Dyeing Day

After the storm last week I kept finding myself eyeing downed branches from eucalyptus trees and thinking about dyeing. Near to home there was one particular branch that wasn’t cleared up by Saturday, so in the afternoon I went for a walk to get it. Unfortunately it had gone quite dry, though it is still possible to dye with dried leaves. While dragging it home, I discovered that the gardener for the block of flats across the road had been trimming trees, and there was some fresh gum tree branches on the pile. So I nabbed them as well. It made for quite a pile in the cat run:


The fresh leaves were nicer to touch, so I started ripping off leaves. It turned out that it took only one of the smaller fresh branches to make up a kilo of leaves. (According to my book, Eco Colour, you need around the same weight as the textile you’re dyeing.) So my green waste bin is now half full of gum branches and leaves.


Then it turned out that my pot wasn’t big enough – something I’d forgotten since the last dyeing experiment. I only got a little under half the leaves in.


I set the leaves simmering, and in the meantime set up another pot to dye a t-shirt. I’d tried solar dyeing it before and only managed to darken a stain. This time I had some green tea that Paul had accidentally bought instead of peppermint tea. To add an extra bit of experimentation to the mix, I wrapped the t-shirt around some rusty nails.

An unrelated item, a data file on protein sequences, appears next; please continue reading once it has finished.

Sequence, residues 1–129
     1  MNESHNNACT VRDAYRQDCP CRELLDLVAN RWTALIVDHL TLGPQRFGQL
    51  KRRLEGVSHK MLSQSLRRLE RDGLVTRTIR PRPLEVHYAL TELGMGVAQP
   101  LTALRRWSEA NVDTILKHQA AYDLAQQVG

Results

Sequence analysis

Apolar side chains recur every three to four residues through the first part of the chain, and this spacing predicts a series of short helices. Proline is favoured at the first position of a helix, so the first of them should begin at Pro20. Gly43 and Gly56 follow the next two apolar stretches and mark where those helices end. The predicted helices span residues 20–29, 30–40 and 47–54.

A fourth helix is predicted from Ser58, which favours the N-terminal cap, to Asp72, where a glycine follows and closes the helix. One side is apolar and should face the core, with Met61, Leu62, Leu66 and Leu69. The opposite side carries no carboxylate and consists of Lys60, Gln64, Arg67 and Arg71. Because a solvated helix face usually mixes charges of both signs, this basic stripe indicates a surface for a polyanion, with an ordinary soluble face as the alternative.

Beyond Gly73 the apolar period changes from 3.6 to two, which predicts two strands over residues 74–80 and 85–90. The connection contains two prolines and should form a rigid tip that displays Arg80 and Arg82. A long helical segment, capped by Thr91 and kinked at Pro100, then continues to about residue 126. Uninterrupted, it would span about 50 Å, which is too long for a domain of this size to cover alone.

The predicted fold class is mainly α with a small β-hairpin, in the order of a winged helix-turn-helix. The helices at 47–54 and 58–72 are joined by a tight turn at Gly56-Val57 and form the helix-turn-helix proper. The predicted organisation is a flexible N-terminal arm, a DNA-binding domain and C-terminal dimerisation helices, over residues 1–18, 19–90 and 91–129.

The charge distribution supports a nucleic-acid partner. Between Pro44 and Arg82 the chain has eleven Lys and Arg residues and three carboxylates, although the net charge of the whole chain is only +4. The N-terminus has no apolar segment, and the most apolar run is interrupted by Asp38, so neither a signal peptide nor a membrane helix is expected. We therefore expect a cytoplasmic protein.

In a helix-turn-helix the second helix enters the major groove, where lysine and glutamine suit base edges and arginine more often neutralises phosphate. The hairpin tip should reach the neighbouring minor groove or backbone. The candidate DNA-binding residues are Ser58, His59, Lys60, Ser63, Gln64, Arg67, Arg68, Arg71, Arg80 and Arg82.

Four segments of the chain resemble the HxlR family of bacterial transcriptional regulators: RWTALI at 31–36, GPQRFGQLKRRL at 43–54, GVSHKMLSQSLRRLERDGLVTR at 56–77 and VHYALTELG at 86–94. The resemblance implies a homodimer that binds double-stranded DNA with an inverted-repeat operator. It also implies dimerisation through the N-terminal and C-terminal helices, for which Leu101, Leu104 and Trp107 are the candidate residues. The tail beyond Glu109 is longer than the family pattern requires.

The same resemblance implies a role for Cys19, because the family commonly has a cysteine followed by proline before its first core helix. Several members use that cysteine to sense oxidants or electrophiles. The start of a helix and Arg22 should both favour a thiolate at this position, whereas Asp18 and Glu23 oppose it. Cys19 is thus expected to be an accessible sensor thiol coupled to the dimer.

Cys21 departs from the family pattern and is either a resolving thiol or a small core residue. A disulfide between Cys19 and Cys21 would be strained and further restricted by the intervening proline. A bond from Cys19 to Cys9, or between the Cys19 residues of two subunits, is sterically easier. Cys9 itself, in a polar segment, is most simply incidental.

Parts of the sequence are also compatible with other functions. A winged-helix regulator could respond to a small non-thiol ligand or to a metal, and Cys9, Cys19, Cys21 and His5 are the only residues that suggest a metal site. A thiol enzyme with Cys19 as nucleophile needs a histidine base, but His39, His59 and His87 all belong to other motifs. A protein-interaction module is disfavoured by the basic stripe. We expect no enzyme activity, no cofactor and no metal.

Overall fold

Once the leaves had simmered long enough I took them out, then introduced half the yarn (Cleckheaton Country 8ply) and kept stirring to make sure the dye bath never went beyond steaming to actual boiling. I poured a kettle full of boiling water over the tea bags and t-shirt, and decided to leave it at that rather than risk I’d run out of gas for the camp stove.


After the yarn had steeped for the right time, I turned the heat off and left it to cool in the pot overnight. This morning I repeated the steps with the second half of the leaves and yarn. As you can see, the yarn is now a honey colour. Which is nice, but not very ‘me’. I’m thinking of getting one of those really big soup kitchen pots and more leaves to overdye the yarn, and see if I can get the kakhi green the book says you get if you dye in an aluminium pot.

The t-shirt, however, was a great success:


The tea made very little difference, but the nails left a blue-grey imprint that is fabulous. And it goes perfectly with the porcelain pendant necklace I bought at the Northside Makers Market that morning.

On Sunday I went to a bookbinding class, but I’ll save that for another post…

2 thoughts on “Dyeing Day

  1. I just rolled the tshirt around them. I also put the whole t-shirt into one of those plastic netting onion bags to keep it from coming undone in the pot.

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